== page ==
Here are the meeting details to which the following article makes reference - Pusztai vs. Trewavas - should be excellent!
PUBLIC MEETING - Organised by the McCarrison Society, Scottish Group
GM Foods - Right or Wrong?
Dr Arpad Pusztai, FRSE
Previously a researcher at the Rowett Research Institute, Aberdeen
Professor Anthony Trewavas, FRS, FRSE , Professor of Plant Biochemistry, University of Edinburgh
on Saturday 31st March 3.30 - 5.30 pm
Royal Botanic Garden Lecture Theatre, Inverleith Row, Edinburgh
Each speaker will talk for half an hour. They will then answer questions during an open discussion.
Admission - £2.00 Students With Cards - Free
Enquiries : Tom Stockdale 21 Castle Douglas Road, Dumfries, DG2 7PA Tel(01387) 252963
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FESTIVAL BANS EXPERT OVER 'THICK ACCENT'
by David Montgomery - Science Correspondent, The Scotsman - February 28, 2001
A CONTROVERSIAL scientist who was asked to take part in this year's Edinburgh International Science Festival yesterday criticised the event's organisers for later withdrawing his invitation because of concerns over his "thick accent" and gruff presentational style.
Dr Arpad Pusztai was due to give a lecture on the nutritional and health aspects of genetically modified foods at the festival in April. But after accepting the invitation he was later rejected by the event's planning committee - the first speaker ever to suffer such a blackballing - because he wasn't a "terribly good communicator" and because of concerns over his research.
Three years ago, Dr Pusztai, a former scientist at the Rowett Research Institute in Aberdeen, claimed that lab rats fed on GM potatoes had developed weak immune systems. The reaction across the country was little short of hysterical and he was sacked after his superiors pronounced the study misleading.
However, Dr Pusztai, a regular speaker at international conferences who yesterday returned to his Aberdeen home from a seminar on globalisation in New York, accused the festival organisers of stifling debate on the subject and failing to act in the best interests of the public. The Hungarian-born scientist said that to argue that his heavy accent would make it impossible for audiences to understand him was ridiculous.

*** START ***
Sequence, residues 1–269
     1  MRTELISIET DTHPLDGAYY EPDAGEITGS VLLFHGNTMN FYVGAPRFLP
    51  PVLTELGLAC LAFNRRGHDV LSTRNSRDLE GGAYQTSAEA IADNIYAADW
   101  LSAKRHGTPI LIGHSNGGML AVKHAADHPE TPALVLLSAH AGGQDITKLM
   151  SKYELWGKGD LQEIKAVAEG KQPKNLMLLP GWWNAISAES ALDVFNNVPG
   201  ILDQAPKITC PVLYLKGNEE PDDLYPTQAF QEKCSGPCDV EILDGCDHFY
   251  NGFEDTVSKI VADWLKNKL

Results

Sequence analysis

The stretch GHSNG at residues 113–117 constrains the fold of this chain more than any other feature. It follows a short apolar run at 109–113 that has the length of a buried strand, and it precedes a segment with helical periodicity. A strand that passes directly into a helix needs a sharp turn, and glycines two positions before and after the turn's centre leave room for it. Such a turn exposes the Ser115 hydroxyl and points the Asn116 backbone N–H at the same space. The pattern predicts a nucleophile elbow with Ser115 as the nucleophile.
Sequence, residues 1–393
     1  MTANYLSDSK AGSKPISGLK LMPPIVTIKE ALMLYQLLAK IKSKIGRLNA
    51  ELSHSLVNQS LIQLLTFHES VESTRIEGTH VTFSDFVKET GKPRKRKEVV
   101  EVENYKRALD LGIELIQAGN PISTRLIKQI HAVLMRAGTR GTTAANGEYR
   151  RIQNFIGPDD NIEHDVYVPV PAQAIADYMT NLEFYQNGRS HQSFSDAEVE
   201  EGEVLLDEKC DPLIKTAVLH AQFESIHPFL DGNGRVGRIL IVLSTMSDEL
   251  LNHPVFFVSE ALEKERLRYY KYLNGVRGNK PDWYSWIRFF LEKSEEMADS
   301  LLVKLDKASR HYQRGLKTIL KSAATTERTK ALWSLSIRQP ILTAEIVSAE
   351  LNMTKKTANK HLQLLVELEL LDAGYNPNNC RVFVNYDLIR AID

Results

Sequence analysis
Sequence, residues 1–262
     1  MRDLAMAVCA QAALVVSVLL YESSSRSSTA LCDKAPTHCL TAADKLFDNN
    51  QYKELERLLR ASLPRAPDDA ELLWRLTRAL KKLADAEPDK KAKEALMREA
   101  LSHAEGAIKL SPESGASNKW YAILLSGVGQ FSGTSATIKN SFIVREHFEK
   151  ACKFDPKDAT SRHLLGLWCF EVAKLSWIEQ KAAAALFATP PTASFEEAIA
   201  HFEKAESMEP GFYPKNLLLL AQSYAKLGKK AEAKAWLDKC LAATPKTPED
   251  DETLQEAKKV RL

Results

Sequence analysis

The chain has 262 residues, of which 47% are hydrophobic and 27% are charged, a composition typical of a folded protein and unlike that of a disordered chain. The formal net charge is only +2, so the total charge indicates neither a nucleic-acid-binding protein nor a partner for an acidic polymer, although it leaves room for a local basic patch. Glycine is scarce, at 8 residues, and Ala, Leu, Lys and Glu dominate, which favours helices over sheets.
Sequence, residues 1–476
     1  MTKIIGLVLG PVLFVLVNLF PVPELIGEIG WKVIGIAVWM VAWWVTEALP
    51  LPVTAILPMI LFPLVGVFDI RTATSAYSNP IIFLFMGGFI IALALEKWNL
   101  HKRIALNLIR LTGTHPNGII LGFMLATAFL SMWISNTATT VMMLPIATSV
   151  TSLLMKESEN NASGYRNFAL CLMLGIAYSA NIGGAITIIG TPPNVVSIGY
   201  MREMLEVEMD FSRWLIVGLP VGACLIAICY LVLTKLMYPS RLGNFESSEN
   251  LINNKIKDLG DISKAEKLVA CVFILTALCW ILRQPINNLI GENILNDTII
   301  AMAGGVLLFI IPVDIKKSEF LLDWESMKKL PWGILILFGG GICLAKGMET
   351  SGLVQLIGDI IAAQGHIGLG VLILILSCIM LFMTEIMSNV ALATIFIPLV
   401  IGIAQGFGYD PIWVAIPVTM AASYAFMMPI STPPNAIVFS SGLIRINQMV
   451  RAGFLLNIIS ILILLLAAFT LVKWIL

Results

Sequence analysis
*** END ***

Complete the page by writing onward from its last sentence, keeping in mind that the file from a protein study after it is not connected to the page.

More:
He said: "It is very hurtful that people can say things like that about me and my research. I do realise that I have an accent and I have never tried to hide it. "But I have trained scientists, given university and public lectures, and never had any complaints. People have always understood me."
Dr Pusztai, 71, said the second concern - that his research was unsound and unpublished - was also invalid. He said a paper appeared in the Lancet last October and a number of other scientists backed his work. Barring him from the festival would lead to debate on GM foods being stifled, he claimed, and was an attempt to deny there were problems. "Debate is in the interests of scientific and public education," he said. "I thought that was the main purpose of the festival. Based on this decision, I don't think they are achieving that."
Dr Pusztai will now take part in a debate "GM foods - right or wrong?" being organised by the McCarrison Society at the Royal Botanic Garden in Edinburgh for 31 March. The society, which initially proposed Dr Pusztai as a potential speaker to the festival organisers, was also critical of the decision to reject the scientist.
Its chairman, Tom Stockdale, said: "For a science festival to succeed, it requires to involve controversial speakers who draw attention to anomalies that they have observed."
Simon Cage, the director of the Science Festival, said the scientist had been invited in error and when the mistake was realised, it was corrected. He said the change of heart was made in good time and they went to great lengths to explain why Dr Pusztai was not the right choice for the event. Mr Cage said the issue of poor communication skills was a minor point. He said: "The crucial thing was we did not believe the science he has done was solid. Dr Pusztai made claims that caused a lot of concern among the scientific community about the possible ill-effects of GM foods. That work has never been substantiated in our view.
"Whether GM foods are safe or not is absolutely what the festival is about but we want people to discuss it who have investigated it in a more thorough way."